"There is nothing here that he did not write, and he gave his full approval to whatever was done in the way of selection and arrangement; but I cannot say that he applied his mind very closely to the matter."

This volume contains eleven Essays, the subjects of which, as just enumerated, are very various. The longest and most elaborate paper is that entitled "Poetry and Imagination." I have room for little more than the enumeration of the different headings of this long Essay. By these it will be seen how wide a ground it covers. They are "Introductory;" "Poetry;" "Imagination;" "Veracity;" "Creation;" "Melody, Rhythm, Form;" "Bards and Trouveurs;" "Morals;" "Transcendency." Many thoughts with which we are familiar are reproduced, expanded, and illustrated in this Essay. Unity in multiplicity, the symbolism of nature, and others of his leading ideas appear in new phrases, not unwelcome, for they look fresh in every restatement. It would be easy to select a score of pointed sayings, striking images, large generalizations. Some of these we find repeated in his verse. Thus:--

"Michael Angelo is largely filled with the Creator that made and makes men. How much of the original craft remains in him, and he a mortal man!"

And so in the well remembered lines of "The Problem":--

"Himself from God he could not free."

"He knows that he did not make his thought,--no, his thought made him, and made the sun and stars."

  "Art might obey but not surpass.
  The passive Master lent his hand
  To the vast soul that o'er him planned."
Hope is at the bottom of every Essay of Emerson's as it was at the bottom of Pandora's box:--

"I never doubt the riches of nature, the gifts of the future, the immense wealth of the mind. O yes, poets we shall have, mythology, symbols, religion of our own.

--"Sooner or later that which is now life shall be poetry, and every fair and manly trait shall add a richer strain to the song."

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Under the title "Social Aims" he gives some wise counsel concerning manners and conversation. One of these precepts will serve as a specimen--if we have met with it before it is none the worse for wear:--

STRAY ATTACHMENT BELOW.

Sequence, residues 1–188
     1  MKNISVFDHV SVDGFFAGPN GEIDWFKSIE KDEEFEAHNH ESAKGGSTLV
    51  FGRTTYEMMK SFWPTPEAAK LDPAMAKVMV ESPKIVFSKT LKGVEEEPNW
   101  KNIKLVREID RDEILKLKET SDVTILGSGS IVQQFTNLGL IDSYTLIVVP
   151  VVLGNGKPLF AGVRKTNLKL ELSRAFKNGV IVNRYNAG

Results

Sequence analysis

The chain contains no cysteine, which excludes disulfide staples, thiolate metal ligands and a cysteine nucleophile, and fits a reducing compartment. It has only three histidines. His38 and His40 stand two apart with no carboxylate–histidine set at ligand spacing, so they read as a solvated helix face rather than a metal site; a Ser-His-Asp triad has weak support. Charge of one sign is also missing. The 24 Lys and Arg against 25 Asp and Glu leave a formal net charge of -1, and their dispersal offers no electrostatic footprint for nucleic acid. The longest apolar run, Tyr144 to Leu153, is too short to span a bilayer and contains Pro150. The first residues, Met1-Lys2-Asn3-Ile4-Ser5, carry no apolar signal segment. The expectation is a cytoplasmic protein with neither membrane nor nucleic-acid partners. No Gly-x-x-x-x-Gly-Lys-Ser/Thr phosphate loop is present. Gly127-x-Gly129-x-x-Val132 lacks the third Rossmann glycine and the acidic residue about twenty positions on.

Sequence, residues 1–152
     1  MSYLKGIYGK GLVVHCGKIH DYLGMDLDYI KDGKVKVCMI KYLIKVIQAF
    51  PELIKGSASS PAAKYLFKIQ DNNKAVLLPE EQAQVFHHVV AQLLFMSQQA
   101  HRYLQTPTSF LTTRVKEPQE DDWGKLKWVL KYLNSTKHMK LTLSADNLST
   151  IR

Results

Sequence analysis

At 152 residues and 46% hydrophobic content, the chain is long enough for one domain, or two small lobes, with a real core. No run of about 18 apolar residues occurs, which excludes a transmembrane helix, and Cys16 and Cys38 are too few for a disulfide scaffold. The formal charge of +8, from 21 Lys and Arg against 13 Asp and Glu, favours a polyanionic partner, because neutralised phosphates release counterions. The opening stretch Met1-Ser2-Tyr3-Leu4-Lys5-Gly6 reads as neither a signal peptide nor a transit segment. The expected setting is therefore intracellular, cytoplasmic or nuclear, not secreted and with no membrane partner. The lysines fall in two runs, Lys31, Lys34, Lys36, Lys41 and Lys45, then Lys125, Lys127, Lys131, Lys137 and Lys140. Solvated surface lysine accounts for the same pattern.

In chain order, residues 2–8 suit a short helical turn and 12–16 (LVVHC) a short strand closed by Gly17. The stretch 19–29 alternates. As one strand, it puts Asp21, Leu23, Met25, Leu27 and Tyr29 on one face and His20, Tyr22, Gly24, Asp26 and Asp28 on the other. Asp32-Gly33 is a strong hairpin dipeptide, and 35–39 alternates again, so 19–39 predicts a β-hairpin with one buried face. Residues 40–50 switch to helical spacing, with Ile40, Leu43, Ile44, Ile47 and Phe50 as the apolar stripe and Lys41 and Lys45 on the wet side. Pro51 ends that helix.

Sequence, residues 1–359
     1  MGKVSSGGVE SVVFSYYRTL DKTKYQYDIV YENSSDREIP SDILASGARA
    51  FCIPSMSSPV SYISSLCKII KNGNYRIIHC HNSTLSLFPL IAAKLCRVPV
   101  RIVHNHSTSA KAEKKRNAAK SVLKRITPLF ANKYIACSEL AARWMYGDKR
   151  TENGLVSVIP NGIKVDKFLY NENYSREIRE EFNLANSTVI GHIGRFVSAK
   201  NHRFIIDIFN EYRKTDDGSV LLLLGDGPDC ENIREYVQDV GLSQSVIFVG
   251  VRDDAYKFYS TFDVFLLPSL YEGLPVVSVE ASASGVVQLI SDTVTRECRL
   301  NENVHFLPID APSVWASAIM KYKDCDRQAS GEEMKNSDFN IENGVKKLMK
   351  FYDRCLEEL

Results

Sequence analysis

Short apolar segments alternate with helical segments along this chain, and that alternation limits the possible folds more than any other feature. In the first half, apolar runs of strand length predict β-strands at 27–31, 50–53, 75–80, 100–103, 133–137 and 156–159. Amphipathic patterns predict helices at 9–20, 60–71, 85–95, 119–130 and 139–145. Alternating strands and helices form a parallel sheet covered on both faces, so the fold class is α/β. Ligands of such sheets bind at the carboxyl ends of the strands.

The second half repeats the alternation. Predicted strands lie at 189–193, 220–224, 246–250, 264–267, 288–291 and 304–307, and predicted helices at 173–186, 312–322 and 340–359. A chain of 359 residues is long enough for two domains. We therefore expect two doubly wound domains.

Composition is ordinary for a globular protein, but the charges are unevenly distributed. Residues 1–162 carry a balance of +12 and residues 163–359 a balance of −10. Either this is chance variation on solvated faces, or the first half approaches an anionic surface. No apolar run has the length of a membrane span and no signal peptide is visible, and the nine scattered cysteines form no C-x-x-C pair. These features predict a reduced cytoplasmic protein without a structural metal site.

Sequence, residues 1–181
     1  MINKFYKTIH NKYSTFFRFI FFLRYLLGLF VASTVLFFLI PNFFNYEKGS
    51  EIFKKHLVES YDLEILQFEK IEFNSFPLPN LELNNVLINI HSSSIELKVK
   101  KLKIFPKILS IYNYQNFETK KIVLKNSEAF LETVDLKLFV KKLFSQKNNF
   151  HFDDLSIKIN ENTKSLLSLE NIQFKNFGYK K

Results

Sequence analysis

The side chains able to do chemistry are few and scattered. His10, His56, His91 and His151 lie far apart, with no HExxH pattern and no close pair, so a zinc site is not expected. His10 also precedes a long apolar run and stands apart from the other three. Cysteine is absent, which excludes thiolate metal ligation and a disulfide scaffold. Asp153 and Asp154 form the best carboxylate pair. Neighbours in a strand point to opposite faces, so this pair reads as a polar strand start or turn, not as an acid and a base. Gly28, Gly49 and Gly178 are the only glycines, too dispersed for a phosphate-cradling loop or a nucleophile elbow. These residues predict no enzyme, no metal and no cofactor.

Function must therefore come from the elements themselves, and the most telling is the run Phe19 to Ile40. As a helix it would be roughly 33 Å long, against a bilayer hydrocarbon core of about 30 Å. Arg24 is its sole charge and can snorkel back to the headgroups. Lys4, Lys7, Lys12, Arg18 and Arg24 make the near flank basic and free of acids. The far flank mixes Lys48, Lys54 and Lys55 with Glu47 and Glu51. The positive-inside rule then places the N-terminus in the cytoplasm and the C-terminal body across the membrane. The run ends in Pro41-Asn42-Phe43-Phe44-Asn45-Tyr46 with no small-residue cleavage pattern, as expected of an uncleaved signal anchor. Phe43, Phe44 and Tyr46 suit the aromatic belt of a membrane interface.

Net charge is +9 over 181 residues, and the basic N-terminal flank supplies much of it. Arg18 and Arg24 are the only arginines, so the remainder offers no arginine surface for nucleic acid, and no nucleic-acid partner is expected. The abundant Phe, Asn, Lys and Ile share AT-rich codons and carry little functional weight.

"Shun the negative side. Never worry people with; your contritions, nor with dismal views of politics or society. Never name sickness; even if you could trust yourself on that perilous topic, beware of unmuzzling a valetudinarian, who will give you enough of it."

We have had one Essay on "Eloquence" already. One extract from this new discourse on the same subject must serve our turn:--

"These are ascending stairs,--a good voice, winning manners, plain speech, chastened, however, by the schools into correctness; but we must come to the main matter, of power of statement,--know your fact; hug your fact. For the essential thing is heat, and heat comes of sincerity. Speak what you know and believe; and are personally in it; and are answerable for every word. Eloquence is the power to translate a truth into language perfectly intelligible to the person to whom you speak."

The italics are Emerson's.

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If our learned and excellent John Cotton used to sweeten his mouth before going to bed with a bit of Calvin, we may as wisely sweeten and strengthen our sense of existence with a morsel or two from Emerson's Essay on "Resources":--

"A Schopenhauer, with logic and learning and wit, teaching pessimism,--teaching that this is the worst of all possible worlds, and inferring that sleep is better than waking, and death than sleep,--all the talent in the world cannot save him from being odious. But if instead of these negatives you give me affirmatives; if you tell me that there is always life for the living; that what man has done man can do; that this world belongs to the energetic; that there is always a way to everything desirable; that every man is provided, in the new bias of his faculty, with a key to nature, and that man only rightly knows himself as far as he has experimented on things,--I am invigorated, put into genial and working temper; the horizon opens, and we are full of good-will and gratitude to the Cause of Causes."

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The Essay or Lecture on "The Comic" may have formed a part of a series he had contemplated on the intellectual processes. Two or three sayings in it will show his view sufficiently:--

"The essence of all jokes, of all comedy, seems to be an honest or well-intended halfness; a non-performance of what is pretended to be performed, at the same time that one is giving loud pledges of performance.